Studies of people who were forced into quarantine during other, smaller-scale but still deadly outbreaks like H1N1 and SARS have also shown that isolation oftentimes leads to higher rates of substance abuse and an increased likelihood of developing other mental health problems.

Not everyone has felt this mental downturn, Niedenthal pointed out. Some parents who may be accustomed to being alone for much of the day are now getting more social interaction since their adult children may be staying at home again while working from their computers or going to college online. She pointed out that family dinners might be more common in some households since it is more difficult to go out.

“The problem is really for people for whom have nobody else in their house … and can’t go out and have the social interactions they’re used to having,” Niedenthal said. “Those are the people who are really vulnerable right now.”

Dr. Karen Smith


One thing that Dr. Karen Smith, a post-doctoral scholar at UW-Madison’s Child Emotion Lab, said is tough to fix is the “lack of predictability” that the pandemic has brought.

During the pandemic, Smith said that many have been attacked by thoughts like “Will I lose my job?” or “What government rules are going to change?” or “When will I get to see my friends again?” or “When might someone I love get sick?”

Those feelings, even if they might be unfounded in certain situations, can lead to someone feeling overwhelmed and alone.

Smith pointed to a study where mice would be subjected to repeated electric shocks. However, half of the mice would get a warning (usually in the form of a flashing light or a noise) before every shock while the other mice wouldn’t know when it was coming. The mice that got the warning showed little change in their behavior once the experiment began. But the other mice, which never knew when the shocks were coming, showed continual signs of increased stress, apparently because the rodents never knew when the pain was coming and would be anxious waiting for it to arrive.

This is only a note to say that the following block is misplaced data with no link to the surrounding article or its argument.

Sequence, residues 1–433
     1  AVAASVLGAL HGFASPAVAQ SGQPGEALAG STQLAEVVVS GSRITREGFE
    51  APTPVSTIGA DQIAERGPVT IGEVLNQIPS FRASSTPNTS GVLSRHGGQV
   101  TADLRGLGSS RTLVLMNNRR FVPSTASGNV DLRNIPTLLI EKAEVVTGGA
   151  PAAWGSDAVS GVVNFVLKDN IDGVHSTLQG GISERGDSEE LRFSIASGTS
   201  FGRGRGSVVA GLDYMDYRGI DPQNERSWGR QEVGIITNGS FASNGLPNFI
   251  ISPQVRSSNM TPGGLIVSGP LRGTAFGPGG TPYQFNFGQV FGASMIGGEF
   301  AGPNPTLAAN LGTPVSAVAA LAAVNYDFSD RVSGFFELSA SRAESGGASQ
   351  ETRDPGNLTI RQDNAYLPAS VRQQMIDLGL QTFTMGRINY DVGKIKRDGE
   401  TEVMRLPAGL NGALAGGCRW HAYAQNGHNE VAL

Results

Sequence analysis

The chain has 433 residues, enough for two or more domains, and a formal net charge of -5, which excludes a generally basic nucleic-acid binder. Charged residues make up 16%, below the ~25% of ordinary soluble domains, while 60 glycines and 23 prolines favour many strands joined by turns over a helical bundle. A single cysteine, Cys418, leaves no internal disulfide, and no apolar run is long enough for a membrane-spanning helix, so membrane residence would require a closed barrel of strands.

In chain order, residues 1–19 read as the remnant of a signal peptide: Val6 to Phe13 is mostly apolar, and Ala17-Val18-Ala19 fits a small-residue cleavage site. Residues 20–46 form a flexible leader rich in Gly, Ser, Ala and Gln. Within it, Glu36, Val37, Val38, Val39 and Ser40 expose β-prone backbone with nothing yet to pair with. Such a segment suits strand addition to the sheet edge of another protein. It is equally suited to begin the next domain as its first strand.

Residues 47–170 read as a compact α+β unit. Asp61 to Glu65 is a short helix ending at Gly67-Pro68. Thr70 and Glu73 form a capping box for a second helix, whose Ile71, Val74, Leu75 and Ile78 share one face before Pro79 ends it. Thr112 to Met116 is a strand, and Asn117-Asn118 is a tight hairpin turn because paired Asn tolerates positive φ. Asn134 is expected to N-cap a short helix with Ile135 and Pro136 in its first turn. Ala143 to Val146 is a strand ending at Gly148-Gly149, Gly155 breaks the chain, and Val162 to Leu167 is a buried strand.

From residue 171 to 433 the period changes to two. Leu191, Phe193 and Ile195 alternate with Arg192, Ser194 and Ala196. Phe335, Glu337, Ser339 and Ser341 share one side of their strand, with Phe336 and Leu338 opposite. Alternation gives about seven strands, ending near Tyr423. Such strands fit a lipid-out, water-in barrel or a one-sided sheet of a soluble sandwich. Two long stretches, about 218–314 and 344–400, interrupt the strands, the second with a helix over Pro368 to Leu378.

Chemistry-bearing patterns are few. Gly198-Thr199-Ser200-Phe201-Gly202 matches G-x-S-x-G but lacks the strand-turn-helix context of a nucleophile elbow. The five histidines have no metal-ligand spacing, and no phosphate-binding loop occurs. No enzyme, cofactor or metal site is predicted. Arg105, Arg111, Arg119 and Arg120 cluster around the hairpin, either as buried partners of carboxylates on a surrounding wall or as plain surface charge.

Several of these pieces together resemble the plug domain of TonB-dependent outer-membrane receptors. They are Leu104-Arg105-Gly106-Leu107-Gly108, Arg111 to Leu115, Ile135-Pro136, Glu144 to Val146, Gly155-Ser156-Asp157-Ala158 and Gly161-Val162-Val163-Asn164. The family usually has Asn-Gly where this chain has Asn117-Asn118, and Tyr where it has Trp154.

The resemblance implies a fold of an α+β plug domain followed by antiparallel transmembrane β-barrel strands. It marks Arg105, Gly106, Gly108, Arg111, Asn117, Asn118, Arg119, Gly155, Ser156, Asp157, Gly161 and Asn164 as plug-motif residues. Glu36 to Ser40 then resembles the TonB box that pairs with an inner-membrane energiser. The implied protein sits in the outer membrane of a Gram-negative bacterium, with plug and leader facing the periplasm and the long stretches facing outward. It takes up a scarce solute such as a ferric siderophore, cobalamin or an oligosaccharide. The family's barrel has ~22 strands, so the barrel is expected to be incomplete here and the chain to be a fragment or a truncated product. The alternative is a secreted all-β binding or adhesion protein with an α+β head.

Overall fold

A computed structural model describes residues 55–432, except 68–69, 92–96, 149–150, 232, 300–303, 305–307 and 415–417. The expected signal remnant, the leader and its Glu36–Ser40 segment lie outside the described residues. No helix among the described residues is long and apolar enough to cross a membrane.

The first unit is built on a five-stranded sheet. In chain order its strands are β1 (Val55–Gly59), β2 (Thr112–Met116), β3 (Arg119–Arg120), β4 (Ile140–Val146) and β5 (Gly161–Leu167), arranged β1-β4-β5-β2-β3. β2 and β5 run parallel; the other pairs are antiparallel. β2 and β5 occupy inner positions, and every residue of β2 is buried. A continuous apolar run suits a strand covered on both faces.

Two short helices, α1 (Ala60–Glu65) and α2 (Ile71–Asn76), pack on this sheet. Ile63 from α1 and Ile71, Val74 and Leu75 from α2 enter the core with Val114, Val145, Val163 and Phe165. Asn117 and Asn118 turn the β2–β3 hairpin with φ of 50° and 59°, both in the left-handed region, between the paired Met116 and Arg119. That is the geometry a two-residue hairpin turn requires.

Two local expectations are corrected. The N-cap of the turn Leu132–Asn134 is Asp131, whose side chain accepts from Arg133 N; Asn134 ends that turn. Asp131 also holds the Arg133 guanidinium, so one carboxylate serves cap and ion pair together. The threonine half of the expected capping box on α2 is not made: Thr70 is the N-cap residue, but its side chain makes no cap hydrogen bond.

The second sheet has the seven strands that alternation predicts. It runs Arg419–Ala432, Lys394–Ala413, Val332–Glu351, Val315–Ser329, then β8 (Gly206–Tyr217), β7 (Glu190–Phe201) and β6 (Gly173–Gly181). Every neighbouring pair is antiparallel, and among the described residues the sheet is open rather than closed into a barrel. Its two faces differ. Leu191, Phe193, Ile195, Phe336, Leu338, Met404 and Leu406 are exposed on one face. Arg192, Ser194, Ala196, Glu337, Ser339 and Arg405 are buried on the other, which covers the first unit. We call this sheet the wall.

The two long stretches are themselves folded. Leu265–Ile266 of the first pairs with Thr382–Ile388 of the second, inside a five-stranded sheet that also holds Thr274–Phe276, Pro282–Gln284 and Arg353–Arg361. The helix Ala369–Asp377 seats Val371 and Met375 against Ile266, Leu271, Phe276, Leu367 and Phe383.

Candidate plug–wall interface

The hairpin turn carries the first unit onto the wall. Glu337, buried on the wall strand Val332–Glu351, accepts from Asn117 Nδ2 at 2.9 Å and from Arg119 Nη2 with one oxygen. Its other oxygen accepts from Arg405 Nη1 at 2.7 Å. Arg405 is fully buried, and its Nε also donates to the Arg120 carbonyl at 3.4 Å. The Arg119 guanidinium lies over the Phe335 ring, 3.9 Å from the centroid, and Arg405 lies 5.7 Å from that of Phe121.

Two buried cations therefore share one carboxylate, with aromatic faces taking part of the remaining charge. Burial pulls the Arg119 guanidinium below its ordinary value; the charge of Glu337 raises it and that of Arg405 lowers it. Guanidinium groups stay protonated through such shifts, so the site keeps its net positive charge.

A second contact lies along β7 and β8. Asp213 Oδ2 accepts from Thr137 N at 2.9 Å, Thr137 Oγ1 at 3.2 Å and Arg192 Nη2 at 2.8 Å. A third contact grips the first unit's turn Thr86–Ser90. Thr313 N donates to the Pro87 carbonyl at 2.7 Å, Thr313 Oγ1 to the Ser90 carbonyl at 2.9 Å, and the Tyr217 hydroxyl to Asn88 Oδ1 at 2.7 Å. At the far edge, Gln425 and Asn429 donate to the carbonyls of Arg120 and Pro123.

Taking control

To counteract feelings of lack of control, Smith suggested making sure to take control of the things you can, whether that’s planning quality meals or making sure to take a daily walk for yourself or instituting a reliable routine.

“Small little interventions,” she said, “have helped alleviate stress over real-life events.”

On top of that, how we perceive our situations oftentimes matters more than what is actually going on. One of the things that can make a big difference in your mental health is acceptance — acknowledging that you are feeling stressed and alone and that those feelings are normal, according to Smith.

“It is important to recognize that stress in and of itself is not a bad thing. It’s not bad to feel bad about the situation we are in. It is a pandemic,” Smith said.

“Social support and having high-quality social relationships is incredibly important for us as social creatures,” she continued, but added a caveat: “When we think about long-term effects of lack of social support or feelings of social isolation, it’s not about the number of relationships you have or counting the number of interactions you have: It’s how you actually perceive those relationships.”

In short: If we feel like we are getting the support we need, then we will tend to feel better, even if we are interacting with fewer people.